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Making your wishes known

Tracey Loscar
No abstract text is available yet for this article.
February 2016: EMS World
Jane R Schubart, Michael J Green, Lauren J Van Scoy, Erik Lehman, Elana Farace, Niraj J Gusani, Benjamin H Levi
BACKGROUND: People with cancer face complex medical decisions, including whether to receive life-sustaining treatments at the end of life. It is not unusual for clinicians to make assumptions about patients' wishes based on whether they had previously chosen to pursue curative treatment. OBJECTIVE: We hypothesized that cancer patients who initially underwent curative intent surgery (CIS) would prefer more aggressive end-of-life treatments compared to patients whose treatment was noncurative intent (non-CIT)...
December 2015: Journal of Palliative Medicine
Michael J Green, Jane R Schubart, Megan M Whitehead, Elana Farace, Erik Lehman, Benjamin H Levi
CONTEXT: Many physicians avoid advance care planning (ACP) discussions because they worry such conversations will lead to psychological distress. OBJECTIVES: To investigate whether engaging in ACP using online planning tools adversely affects hope, hopelessness, or anxiety among patients with advanced cancer. METHODS: Patients with advanced cancer and an estimated survival of two years or less (Intervention group) and a Control group were recruited at a tertiary care academic medical center (2007-2012) to engage in ACP using an online decision aid ("Making Your Wishes Known")...
June 2015: Journal of Pain and Symptom Management
Jane R Schubart, Benjamin H Levi, Fabian Camacho, Megan Whitehead, Elana Farace, Michael J Green
Despite widespread efforts to promote advance directives (ADs), completion rates remain low. Making Your Wishes Known: Planning Your Medical Future (MYWK) is an interactive computer program that guides individuals through the process of advance care planning, explaining health conditions and interventions that commonly involve life or death decisions, helps them articulate their values/goals, and translates users' preferences into a detailed AD document. The purpose of this study was to demonstrate that (in the absence of major life changes) the AD generated by MYWK reliably reflects an individual's values/preferences...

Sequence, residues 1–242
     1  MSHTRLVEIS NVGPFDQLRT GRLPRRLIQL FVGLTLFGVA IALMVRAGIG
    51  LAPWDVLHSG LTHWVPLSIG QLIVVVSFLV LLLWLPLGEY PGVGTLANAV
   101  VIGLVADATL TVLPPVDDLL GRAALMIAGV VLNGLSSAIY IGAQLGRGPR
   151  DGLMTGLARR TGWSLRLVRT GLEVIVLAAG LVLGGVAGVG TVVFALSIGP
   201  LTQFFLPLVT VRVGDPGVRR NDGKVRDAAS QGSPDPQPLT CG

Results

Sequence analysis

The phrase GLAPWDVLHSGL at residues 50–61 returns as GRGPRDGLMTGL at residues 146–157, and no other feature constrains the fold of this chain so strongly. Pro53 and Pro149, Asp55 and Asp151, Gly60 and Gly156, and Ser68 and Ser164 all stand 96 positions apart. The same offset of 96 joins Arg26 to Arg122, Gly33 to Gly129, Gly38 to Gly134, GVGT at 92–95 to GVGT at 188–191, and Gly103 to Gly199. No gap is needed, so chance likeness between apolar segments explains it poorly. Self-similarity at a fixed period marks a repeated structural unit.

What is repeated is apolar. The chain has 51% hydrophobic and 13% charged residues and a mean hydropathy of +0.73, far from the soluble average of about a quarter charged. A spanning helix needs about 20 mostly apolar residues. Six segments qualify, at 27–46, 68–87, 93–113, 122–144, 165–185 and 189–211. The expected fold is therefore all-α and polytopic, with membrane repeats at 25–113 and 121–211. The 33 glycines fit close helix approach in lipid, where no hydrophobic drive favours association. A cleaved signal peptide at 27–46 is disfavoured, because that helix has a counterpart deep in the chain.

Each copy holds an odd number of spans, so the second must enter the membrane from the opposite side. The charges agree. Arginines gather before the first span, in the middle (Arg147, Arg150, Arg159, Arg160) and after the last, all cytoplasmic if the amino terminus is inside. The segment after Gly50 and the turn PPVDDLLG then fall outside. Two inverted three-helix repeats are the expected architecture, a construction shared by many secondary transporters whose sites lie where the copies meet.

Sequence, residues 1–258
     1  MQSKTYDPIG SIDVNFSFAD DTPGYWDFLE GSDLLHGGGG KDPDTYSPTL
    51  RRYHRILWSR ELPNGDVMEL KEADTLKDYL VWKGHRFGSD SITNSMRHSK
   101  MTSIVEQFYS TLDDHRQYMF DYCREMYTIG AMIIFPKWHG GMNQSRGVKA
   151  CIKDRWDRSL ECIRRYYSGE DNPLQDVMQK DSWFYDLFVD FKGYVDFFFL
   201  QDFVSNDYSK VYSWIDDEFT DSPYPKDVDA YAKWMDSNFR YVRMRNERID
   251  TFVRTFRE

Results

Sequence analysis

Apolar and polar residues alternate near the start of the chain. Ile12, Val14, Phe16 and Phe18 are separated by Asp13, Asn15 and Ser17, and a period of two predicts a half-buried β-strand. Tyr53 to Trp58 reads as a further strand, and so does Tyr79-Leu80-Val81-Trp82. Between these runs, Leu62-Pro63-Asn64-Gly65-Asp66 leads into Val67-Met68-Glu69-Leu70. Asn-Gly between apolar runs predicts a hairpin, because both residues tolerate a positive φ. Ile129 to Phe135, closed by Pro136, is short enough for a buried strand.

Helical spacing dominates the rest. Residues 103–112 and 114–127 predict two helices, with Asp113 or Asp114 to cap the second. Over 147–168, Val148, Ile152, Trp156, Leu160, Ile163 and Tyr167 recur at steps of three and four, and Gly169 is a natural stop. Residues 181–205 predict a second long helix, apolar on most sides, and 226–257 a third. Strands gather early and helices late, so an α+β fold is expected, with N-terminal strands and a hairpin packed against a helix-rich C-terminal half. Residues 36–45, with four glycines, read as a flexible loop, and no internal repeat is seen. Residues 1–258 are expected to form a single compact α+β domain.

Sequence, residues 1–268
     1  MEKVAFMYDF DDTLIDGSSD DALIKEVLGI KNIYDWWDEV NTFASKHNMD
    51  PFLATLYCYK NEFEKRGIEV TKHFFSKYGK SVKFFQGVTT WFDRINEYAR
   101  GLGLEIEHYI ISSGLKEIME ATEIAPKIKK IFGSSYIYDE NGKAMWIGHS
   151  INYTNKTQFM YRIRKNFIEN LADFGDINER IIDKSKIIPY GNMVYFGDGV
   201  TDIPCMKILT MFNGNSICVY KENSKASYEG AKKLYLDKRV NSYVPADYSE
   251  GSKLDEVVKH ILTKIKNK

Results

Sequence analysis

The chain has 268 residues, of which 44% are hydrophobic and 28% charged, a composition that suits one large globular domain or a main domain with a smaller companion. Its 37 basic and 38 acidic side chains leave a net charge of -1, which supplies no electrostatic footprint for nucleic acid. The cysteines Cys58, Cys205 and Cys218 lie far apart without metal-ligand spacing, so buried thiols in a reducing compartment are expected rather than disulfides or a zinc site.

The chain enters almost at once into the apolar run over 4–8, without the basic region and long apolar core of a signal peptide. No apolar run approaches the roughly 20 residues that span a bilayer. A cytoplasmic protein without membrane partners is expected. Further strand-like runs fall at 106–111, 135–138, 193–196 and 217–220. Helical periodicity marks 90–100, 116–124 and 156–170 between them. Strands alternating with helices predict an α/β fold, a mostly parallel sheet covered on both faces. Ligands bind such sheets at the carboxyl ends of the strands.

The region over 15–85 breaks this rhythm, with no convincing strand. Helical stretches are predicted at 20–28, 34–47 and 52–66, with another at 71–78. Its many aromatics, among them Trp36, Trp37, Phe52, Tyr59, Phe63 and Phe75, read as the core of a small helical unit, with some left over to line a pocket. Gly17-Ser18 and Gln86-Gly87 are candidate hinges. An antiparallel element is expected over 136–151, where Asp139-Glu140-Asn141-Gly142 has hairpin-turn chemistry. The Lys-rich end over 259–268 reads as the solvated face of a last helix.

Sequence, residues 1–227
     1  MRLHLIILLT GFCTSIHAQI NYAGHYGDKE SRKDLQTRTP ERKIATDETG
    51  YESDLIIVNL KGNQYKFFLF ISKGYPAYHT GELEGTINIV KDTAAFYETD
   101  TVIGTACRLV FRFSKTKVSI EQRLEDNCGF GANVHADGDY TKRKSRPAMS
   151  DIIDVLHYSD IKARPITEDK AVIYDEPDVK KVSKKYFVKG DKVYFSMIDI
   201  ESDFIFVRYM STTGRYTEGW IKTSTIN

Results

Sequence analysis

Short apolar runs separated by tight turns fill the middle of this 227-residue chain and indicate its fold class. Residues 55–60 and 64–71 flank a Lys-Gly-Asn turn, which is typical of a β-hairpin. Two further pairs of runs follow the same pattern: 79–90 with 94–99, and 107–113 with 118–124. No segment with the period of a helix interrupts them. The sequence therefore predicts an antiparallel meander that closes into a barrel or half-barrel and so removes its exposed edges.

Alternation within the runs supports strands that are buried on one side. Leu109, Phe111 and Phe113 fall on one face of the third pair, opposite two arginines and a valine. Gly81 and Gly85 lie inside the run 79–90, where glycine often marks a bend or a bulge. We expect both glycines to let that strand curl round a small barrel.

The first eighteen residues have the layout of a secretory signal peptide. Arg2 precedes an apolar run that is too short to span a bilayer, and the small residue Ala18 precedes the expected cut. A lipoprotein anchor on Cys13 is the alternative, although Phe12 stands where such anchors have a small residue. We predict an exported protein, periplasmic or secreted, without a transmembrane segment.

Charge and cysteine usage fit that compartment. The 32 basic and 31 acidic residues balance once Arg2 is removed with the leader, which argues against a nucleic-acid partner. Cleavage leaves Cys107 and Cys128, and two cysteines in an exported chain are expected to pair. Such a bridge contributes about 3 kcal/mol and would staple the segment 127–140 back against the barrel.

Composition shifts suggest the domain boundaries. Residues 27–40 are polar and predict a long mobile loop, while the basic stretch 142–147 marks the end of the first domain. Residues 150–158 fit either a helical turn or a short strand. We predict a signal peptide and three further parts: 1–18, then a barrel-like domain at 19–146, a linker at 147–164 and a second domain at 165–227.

June 2012: Journal of Palliative Medicine
Benjamin H Levi, Michael J Green
In the face of mounting criticism against advance directives, we describe how a novel, computer-based decision aid addresses some of these important concerns. This decision aid, Making Your Wishes Known: Planning Your Medical Future, translates an individual's values and goals into a meaningful advance directive that explicitly reflects their healthcare wishes and outlines a plan for how they wish to be treated. It does this by (1) educating users about advance care planning; (2) helping individuals identify, clarify, and prioritize factors that influence their decision-making about future medical conditions; (3) explaining common end-of-life medical conditions and life-sustaining treatment; (4) helping users articulate a coherent set of wishes with regard to advance care planning-in the form of an advance directive readily interpretable by physicians; and (5) helping individuals both choose a spokesperson, and prepare to engage family, friends, and health care providers in discussions about advance care planning...
April 2010: American Journal of Bioethics: AJOB
Michael J Green, Benjamin H Levi
OBJECTIVE: To describe the development of an innovative, multi-media decision aid for advance care planning. BACKGROUND: Advance care planning is an important way for people to articulate their wishes for medical care when they are not able to speak for themselves. Living wills and other types of advance directives are the most commonly used tools for advance care planning, but have been criticized for being vague, difficult to interpret, and inconsistent with individuals' core beliefs and values...
March 2009: Health Expectations: An International Journal of Public Participation in Health Care and Health Policy
Sharon J Rolnick, Andrea Altschuler, Larissa Nekhlyudov, Joann G Elmore, Sarah M Greene, Emily L Harris, Lisa J Herrinton, Mary B Barton, Ann M Geiger, Suzanne W Fletcher
Although prophylactic mastectomy significantly reduces the incidence and recurrence of breast cancer, little is known about women's information needs before the procedure. We surveyed 967 women, from 6 healthcare systems, with bilateral or contralateral prophylactic mastectomy performed between 1979 and 1999. There were 2 open-ended questions: "What one thing do you wish you had known before your prophylactic mastectomy" and "Is there anything else you would like to share with us?" Three researchers categorized responses, and informational needs were ascertained...
July 2007: Cancer Nursing
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